P: n/a Jonathan Silverlight wrote: > There's no problem with the idea of the universe rotating, and according > to George Smoot in "Wrinkles in Time" you don't have to ask "relative to > what ?" (no, I don't understand that. I'm no expert either :-) > Godel found that a rotating universe allows time travel. > And while COBE found evidence that the universe doesn't rotate, didn't > someone look at asymmetries in galactic magnetic fields and claimed that > it does, or at least a very large part of the observable universe does? There are other conceptual problems. Rotation implies a center where the rotation is zero. The Universe would have to have a center, what would make some point in the universe VERY special and easy to spot... Everything in a rotating body points to its center of rotation. It is a point that is easy to spot. What the book of Smoot is concerned ("Wrinkles in Time") I found only one sentence (p 182) about this: "Also, the absence of rotation of the universe, which we noted during our U2 observations, becomes less of a puzzle in an inflationary universe". Strangely, in the chapter about the U2 observations he writes about a lot of things (The U2 pilots, Lima in Peru, etc etc) but I did not find anything about the rotation of the universe. There is also the talk of Mrs Rubin, that held a conference in december 1950 about "The rotation of the universe". I cite Smoot again (page 143) "Her talk had originally been titled "Rotation of the Universe" but the meeting organizer thought that sounded odd, and so he had changed it to "Rotation of the Metagalaxy". " I would share the feeling of the meeting organizer. A "rotating" universe is completely ridiculous. And note that there is a HUGE difference between a "rotating universe" and a "very large part of the observable universe". I am ready to accept the second if there is data supporting that. But the first is just NONSENSE, and I am sure there will be never any data to support it! Nowhere however, I find any mention of this elementary questions in the book of Smoot. He just writes that he doesn't have any data about the rotation without discussing in detail how could he even consider such an absurdity. jacob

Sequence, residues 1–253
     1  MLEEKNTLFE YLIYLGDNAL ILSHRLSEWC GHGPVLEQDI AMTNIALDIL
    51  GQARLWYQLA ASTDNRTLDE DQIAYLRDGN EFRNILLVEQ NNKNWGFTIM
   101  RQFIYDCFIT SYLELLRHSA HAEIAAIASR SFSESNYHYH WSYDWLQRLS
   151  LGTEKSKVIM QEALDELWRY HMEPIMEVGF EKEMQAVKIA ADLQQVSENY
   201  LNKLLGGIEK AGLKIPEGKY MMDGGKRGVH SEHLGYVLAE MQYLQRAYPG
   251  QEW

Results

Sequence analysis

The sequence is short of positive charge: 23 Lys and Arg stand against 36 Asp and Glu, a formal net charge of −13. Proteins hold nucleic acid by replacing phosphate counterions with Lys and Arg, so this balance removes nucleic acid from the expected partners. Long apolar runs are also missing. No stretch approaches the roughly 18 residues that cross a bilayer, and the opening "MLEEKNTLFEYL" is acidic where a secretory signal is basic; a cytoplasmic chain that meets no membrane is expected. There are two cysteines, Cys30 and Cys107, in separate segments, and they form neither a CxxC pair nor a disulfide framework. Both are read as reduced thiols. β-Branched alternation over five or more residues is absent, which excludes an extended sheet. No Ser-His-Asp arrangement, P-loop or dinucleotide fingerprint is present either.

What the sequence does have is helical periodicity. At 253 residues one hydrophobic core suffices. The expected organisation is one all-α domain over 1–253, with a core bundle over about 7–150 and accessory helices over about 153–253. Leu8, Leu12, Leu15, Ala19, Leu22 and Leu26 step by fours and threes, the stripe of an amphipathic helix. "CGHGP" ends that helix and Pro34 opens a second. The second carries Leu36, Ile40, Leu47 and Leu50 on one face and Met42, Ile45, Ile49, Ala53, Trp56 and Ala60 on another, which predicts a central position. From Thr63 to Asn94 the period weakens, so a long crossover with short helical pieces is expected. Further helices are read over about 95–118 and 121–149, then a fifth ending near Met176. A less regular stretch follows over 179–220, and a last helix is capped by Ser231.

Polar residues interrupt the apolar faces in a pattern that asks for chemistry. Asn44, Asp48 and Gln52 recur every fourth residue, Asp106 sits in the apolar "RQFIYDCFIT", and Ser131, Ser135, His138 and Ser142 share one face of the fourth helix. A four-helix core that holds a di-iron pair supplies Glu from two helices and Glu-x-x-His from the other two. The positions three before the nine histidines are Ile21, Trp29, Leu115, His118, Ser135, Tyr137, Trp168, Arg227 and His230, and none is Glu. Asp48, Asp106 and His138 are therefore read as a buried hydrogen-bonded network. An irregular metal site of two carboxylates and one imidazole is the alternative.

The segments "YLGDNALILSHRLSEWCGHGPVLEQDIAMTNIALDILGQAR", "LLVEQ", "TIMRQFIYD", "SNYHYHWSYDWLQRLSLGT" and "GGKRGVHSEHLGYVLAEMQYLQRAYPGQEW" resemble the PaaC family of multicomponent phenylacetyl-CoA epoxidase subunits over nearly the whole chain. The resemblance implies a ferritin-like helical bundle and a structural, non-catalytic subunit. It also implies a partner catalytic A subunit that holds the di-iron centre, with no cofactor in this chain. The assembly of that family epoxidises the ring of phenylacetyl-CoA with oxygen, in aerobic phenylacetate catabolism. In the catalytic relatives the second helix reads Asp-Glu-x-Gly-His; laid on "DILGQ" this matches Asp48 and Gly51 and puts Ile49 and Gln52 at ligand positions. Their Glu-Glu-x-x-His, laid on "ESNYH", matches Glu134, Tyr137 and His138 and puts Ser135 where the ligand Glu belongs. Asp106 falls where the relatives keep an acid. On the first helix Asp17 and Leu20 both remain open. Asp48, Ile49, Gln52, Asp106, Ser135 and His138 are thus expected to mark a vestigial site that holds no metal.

P: n/a Jonathan Silverlight wrote: > There's no problem with the idea of the universe rotating, and according > to George Smoot in "Wrinkles in Time" you don't have to ask "relative to > what ?" (no, I don't understand that. I'm no expert either :-) > Godel found that a rotating universe allows time travel. > And while COBE found evidence that the universe doesn't rotate, didn't > someone look at asymmetries in galactic magnetic fields and claimed that > it does, or at least a very large part of the observable universe does? There are other conceptual problems. Rotation implies a center where the rotation is zero. The Universe would have to have a center, what would make some point in the universe VERY special and easy to spot... Everything in a rotating body points to its center of rotation. It is a point that is easy to spot. What the book of Smoot is concerned ("Wrinkles in Time") I found only one sentence (p 182) about this: "Also, the absence of rotation of the universe, which we noted during our U2 observations, becomes less of a puzzle in an inflationary universe". Strangely, in the chapter about the U2 observations he writes about a lot of things (The U2 pilots, Lima in Peru, etc etc) but I did not find anything about the rotation of the universe. There is also the talk of Mrs Rubin, that held a conference in december 1950 about "The rotation of the universe". I cite Smoot again (page 143) "Her talk had originally been titled "Rotation of the Universe" but the meeting organizer thought that sounded odd, and so he had changed it to "Rotation of the Metagalaxy". " I would share the feeling of the meeting organizer. A "rotating" universe is completely ridiculous. And note that there is a HUGE difference between a "rotating universe" and a "very large part of the observable universe". I am ready to accept the second if there is data supporting that. But the first is just NONSENSE, and I am sure there will be never any data to support it! Nowhere however, I find any mention of this elementary questions in the book of Smoot. He just writes that he doesn't have any data about the rotation without discussing in detail how could he even consider such an absurdity. jacob